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The Cup Running Over


July 1, 2010 11:42 AM

Netherlands-Brazil Quarterfinal Preview: Brazil Has the Edge

In a Nutshell: A classic matchup between two of the powers of the sport -- both known for playing attractive, attacking soccer. Except, at this tournament, they've both played in a far more cautious style with the emphasis in midfield on defense.

Recent History: Their last two World Cup confrontations were about as good as it gets. In 1998 in the semis, the Dutch tied the Brazilians with a late goal (1-1) but went on to lose on penalties 4-2. In 1994, they met in the quarters, as here, and Brazil prevailed 2-1. Holland won a second-round match in 1974.

What We Learned Last Game: Brazil showed against Chile that, as expected, it can explode at any moment and turn a rather routine, even game into a rout. The Netherlands sleepwalked its way to a 2-1 win over so-so Slovakia. The Dutch have managed to look unimpressive even while winning all four games so far.


BRAZIL

The Good News: Essentially the standard for World Cup excellence. Despite a more defensive approach at this Cup with essentially two holding midfielders (blasphemy, according to many Brazilians), Brazil has managed to outclass every opponent so far -- save the Portuguese, in a game where little was at stake. All ten players are capable scorers and, given the way the team plays, it is very difficult to break down. The best keeper left in the Cup -- Julio Cesar -- helps too.

The Bad News: Brazil can have trouble breaking down super-defensive teams -- witness the North Korea and Portugal games. In a Cup in which youth has ruled the day, this team is the oldest of the 32 -- and it shows especially in the midfield where Elano is hurt and likely to miss the rest of the Cup. (Having said that, Danny Alves, the all-world defender, moved into his position against Chile and was more than adequate.) Ramires is also suspended and Felipe Melo isn't at full strength.

Pedigree:
None better. Five championships, two runner-ups, and in the last five tourneys including this one, only three defeats -- two to France.

Player to Watch:
Maicon -- the defensive right back -- who is key to a defense  which must shut down the always dangerous Dutch. Also a threat to score. 

Telling Stat:
When Kaka, Luis Fabiano, and Robinho all start, Brazil has won 16 games in a row, averaging more than three goals a game.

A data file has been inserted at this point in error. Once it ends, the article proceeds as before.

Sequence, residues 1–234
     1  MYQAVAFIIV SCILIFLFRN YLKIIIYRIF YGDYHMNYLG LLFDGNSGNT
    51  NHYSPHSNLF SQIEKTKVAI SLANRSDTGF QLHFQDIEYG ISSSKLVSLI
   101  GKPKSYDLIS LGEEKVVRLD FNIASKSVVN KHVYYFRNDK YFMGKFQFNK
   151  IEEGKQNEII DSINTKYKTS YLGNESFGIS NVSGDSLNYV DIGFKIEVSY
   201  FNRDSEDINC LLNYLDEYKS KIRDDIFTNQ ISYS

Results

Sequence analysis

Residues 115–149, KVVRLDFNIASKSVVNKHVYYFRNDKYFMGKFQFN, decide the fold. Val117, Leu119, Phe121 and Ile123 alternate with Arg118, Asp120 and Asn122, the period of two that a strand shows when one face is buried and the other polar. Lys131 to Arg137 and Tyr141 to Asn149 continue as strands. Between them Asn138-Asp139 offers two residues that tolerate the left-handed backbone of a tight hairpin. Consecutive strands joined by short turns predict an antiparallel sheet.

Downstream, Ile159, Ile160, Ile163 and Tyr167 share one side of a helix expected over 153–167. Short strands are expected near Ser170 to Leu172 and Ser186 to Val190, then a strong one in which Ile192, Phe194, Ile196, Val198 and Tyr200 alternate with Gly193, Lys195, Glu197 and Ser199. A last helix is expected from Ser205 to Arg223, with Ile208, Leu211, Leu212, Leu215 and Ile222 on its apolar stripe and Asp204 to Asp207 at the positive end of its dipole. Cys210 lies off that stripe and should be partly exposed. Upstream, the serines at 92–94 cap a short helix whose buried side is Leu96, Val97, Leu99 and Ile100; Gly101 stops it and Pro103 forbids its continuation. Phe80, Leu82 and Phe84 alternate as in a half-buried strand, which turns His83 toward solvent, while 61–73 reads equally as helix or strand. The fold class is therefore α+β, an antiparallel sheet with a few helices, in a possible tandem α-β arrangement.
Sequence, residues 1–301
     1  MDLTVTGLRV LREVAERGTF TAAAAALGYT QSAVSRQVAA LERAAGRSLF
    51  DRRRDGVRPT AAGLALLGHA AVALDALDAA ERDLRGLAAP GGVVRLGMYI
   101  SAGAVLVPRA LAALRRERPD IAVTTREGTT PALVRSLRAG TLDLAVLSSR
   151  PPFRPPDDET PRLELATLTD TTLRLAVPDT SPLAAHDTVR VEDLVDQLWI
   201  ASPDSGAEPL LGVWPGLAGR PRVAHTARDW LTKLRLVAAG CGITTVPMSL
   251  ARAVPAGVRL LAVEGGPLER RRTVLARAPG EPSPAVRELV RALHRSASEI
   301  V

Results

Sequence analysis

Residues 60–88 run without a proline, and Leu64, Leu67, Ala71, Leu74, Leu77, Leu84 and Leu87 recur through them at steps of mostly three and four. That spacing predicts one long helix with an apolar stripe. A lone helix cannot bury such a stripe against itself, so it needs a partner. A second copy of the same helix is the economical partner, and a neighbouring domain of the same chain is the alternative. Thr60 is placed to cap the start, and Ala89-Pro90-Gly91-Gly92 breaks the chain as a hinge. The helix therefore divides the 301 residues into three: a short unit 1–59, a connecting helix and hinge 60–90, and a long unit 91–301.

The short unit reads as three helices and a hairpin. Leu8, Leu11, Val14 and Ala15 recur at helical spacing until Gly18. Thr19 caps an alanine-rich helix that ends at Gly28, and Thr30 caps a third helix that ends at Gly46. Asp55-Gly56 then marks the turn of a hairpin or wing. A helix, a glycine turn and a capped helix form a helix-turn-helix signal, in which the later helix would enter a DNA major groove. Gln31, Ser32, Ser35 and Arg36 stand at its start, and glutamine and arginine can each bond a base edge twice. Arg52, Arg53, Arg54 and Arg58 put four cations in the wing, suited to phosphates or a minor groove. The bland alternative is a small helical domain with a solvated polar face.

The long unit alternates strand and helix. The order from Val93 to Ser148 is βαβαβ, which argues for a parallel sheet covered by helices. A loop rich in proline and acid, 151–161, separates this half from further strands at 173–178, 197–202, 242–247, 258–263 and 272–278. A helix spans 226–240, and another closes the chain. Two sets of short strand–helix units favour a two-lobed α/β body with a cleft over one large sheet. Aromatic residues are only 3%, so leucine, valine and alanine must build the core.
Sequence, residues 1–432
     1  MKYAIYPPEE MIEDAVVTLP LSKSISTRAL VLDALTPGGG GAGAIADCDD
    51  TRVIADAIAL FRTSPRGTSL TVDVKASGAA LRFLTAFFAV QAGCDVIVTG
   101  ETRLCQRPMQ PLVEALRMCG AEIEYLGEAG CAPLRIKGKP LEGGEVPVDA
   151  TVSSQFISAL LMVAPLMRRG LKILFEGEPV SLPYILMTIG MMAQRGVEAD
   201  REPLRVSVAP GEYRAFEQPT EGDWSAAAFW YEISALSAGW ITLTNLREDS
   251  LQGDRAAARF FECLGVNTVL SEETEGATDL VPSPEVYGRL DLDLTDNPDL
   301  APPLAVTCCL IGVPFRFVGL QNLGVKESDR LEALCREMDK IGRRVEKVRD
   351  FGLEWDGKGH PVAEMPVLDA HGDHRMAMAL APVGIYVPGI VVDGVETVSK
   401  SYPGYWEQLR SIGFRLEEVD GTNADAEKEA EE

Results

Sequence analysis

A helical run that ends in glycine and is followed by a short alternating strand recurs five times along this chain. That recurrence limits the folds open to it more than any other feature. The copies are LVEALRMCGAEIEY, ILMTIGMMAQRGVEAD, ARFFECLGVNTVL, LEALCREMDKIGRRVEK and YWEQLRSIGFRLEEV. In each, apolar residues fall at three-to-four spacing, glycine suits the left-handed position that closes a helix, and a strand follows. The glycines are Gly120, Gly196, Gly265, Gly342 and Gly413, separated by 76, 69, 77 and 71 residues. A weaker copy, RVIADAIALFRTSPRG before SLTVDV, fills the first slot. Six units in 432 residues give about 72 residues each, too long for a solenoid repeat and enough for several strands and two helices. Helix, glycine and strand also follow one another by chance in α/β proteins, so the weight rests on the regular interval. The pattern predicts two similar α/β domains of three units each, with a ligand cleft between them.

To Win:
Shoot early and often on the counter -- the Dutch keeper and back four are that team's weakness. Try to wind up Robin van Persie, who can get psyched out in big games. Above all, neutralize Arjen Robben. When he can't get going, the Dutch usually can't either.



holanda-wesley-sneijder.jpgHolland needs an outstanding game from midfielder Wesley Sneijder to stand a chance against Brazil.
 


NETHERLANDS


The Good News: This team has outclassed four opponents while never getting out of second gear. It has discovered that it can play serviceable defense -- allowing two goals in four games, one on a penalty on the last play of the last game. If the offense should ever get going, it's powerful, what with Robin Van Persie and Arjen Robben up front and Wesley Sneijder in midfield. Being an underdog may help a team which traditionally underperforms against lesser opponents.

The Bad News:
Some of it is historic: The Dutch are known as the best team never to win a Cup for a reason. Part of it is the team is known for bad chemistry and Van Persie has already started the grumbling, blasting the coach for taking him out early last game. (Van Persie is already barely on speaking terms with Sneijder.) Part of it is also tactical: Robben is world-class but when he's on the field the Dutch seem to take their cues from him. Which means that if you can stop him, you can usually stop them. The keeper, Maarten Steklenberg, is also not first-class.

Pedigree:
Two finals in the 1970's with teams that everyone generally thought should have won the Cup but didn't. The Dutch are usually somewhere around the quarterfinals or semis but their reputation is that they'll play beautiful soccer but ultimately find a way to lose.

Player to Watch:
OK, there's two: Robben, for the reasons given above. And midfielder Sneijder, who is all-world and has the ability to be the best midfielder on the field. If he can help control the pitch, the Dutch have a shot.  

Telling Stat:
According to OPTA stats, the Dutch have played a higher proportion of passes in their own half (48%) than any other team. Very defensive for a traditionally offensive team.

To Win:
Don't rely too much on Robben, attack wide, and most of all, win the battle of midfield. Also don't concede free kicks in the zone where Brazil can be deadly. Defensive midfielders Nigel de Jong and Mark van Bommel must continue to have outstanding games because behind them, the defense isn't that good.


Prediction: On paper the two teams are close to even -- save at keeper where the Brazilians have an advantage and in heft where the Brazilans also have the edge. In terms of pedigree, however, it's not even close. Going on history, the Brazilians should win, but the Dutch are talented enough to spring a surprise -- if they can raise the level of their game significantly from what's it's been so far and can hold the Brazilians to one goal or less.

If It Goes to Penalties: Brazil all the way. Better keeper for one. And, the Dutch are almost England's equal at blowing penalties. (For example, at the Euro 2000 semifinal with Italy, they missed two during the game and three of four in a shootout.) 

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